How the Ty-Rap® was invented

First developed to solve the problem of bundling the hundreds of feet of wiring found inside commercial aircraft, Ty-Rap cable ties can now be found virtually everywhere - from Nascar racing engines to backyard tool sheds.

Self-fastening and basically indestructible, the ground-breaking design of the Ty-Rap cable tie demonstrates how to solve a complex problem with a simple technology.

“My dad didn't have a lot of formal education, but he was the most ingenious person I have ever met," said Robert Logan, Maurus' son. "He never thought the customary way of doing things was good enough and when he looked at anything he thought about ways to improve it. The invention of the cable tie is an excellent example of how he worked.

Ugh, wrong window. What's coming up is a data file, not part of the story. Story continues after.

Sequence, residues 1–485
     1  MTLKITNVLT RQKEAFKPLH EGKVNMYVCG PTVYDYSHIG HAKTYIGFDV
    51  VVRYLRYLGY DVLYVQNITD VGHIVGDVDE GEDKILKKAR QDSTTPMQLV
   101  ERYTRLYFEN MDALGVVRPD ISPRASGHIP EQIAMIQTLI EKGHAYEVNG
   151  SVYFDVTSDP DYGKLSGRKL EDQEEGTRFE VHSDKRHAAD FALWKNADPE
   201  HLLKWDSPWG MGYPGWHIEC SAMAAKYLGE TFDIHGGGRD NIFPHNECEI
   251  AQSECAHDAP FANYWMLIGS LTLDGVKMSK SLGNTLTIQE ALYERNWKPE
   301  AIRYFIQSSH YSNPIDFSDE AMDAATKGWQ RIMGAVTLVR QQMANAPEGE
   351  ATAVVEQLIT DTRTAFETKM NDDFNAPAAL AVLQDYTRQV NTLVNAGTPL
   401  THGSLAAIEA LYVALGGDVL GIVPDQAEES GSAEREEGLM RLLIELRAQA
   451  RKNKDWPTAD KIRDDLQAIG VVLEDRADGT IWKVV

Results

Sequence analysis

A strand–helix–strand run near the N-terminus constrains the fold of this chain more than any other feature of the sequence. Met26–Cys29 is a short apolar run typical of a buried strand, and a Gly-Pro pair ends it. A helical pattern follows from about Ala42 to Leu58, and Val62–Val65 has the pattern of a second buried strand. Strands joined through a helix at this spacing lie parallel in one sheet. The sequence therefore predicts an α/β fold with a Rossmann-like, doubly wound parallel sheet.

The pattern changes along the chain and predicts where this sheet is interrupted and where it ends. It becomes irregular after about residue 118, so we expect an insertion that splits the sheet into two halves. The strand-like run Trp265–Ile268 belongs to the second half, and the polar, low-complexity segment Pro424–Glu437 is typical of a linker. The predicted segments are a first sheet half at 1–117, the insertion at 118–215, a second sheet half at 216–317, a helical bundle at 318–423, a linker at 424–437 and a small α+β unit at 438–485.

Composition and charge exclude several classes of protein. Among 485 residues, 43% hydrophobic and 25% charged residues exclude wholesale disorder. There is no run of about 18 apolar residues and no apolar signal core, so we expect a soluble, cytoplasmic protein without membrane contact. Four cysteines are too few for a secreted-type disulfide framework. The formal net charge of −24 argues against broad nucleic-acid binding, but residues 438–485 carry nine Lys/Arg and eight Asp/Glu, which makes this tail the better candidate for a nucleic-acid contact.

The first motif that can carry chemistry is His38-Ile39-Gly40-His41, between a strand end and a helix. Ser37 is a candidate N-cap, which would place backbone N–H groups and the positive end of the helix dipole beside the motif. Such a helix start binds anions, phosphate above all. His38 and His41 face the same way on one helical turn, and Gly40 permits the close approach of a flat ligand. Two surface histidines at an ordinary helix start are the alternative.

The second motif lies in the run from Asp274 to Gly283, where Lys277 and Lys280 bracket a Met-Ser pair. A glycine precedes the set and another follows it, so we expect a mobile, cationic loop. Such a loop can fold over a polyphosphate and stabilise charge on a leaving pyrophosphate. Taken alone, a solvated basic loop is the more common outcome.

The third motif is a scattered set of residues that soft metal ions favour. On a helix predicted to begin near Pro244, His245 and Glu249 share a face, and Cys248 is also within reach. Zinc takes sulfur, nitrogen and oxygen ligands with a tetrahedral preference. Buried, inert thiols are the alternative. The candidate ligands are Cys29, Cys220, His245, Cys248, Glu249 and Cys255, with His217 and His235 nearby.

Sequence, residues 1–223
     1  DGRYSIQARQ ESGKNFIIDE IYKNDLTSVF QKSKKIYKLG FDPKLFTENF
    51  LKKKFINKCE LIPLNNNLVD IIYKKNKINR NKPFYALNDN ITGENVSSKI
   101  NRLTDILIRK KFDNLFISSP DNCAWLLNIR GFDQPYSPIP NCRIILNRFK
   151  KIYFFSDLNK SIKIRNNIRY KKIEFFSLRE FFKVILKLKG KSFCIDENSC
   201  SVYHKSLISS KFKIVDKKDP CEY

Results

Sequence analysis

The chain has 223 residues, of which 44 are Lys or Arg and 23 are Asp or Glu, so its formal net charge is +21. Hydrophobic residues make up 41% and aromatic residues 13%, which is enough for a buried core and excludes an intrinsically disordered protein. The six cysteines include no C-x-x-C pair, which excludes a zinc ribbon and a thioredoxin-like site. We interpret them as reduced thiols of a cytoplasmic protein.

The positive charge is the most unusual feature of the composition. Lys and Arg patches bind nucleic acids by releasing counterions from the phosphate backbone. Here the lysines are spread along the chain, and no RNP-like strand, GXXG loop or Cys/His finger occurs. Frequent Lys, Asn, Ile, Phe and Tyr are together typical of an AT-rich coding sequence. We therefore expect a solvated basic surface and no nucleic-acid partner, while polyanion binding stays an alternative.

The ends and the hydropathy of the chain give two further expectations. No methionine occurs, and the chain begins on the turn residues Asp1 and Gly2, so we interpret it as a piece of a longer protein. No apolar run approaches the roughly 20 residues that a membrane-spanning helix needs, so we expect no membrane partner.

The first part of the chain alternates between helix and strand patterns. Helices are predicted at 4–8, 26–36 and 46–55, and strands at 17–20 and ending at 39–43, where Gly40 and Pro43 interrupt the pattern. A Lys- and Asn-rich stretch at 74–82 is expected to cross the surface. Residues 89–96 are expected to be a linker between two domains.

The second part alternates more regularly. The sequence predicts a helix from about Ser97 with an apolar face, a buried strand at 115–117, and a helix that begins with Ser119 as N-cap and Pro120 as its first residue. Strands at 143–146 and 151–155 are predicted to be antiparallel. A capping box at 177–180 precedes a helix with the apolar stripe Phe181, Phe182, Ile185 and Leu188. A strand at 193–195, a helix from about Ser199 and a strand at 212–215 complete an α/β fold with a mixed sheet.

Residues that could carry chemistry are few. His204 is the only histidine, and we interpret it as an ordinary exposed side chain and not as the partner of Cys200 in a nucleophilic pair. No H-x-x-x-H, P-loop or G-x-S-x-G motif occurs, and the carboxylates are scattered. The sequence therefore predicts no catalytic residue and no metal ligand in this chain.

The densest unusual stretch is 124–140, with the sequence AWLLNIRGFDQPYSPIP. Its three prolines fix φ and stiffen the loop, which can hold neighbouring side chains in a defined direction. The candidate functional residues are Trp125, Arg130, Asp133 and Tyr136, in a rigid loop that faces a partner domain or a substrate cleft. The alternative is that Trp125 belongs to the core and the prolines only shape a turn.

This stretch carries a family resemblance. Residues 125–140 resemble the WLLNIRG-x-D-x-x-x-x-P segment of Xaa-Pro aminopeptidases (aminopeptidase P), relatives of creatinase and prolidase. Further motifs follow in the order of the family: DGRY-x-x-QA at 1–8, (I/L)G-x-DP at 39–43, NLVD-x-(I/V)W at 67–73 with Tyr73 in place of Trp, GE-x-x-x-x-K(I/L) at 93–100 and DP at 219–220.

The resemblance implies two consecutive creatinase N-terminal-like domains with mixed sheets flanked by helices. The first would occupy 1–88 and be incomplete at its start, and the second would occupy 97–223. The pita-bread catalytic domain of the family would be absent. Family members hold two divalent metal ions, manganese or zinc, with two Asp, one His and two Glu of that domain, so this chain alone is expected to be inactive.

For the cable tie, the proverbial light bulb came on over Logan's head while touring a Boeing aircraft manufacturing facility in 1956. Aircraft wiring was a cumbersome and detailed undertaking, involving thousands of feet of wire organized on sheets of 50-foot long plywood and held in place with knotted, waxcoated, braided nylon cord. Each knot had to be pulled tight by wrapping the cord around one's finger which sometimes cut the operator's fingers until they developed thick calluses or "hamburger hands."

Logan was convinced there had to be an easier, more forgiving, way to accomplish this critical task.   For the next couple of years, Logan experimented with various tools and materials. On June 24, 1958, a patent for the longlasting, easy-to-use Ty-Rap cable tie was submitted. The rest, as they say, is history.

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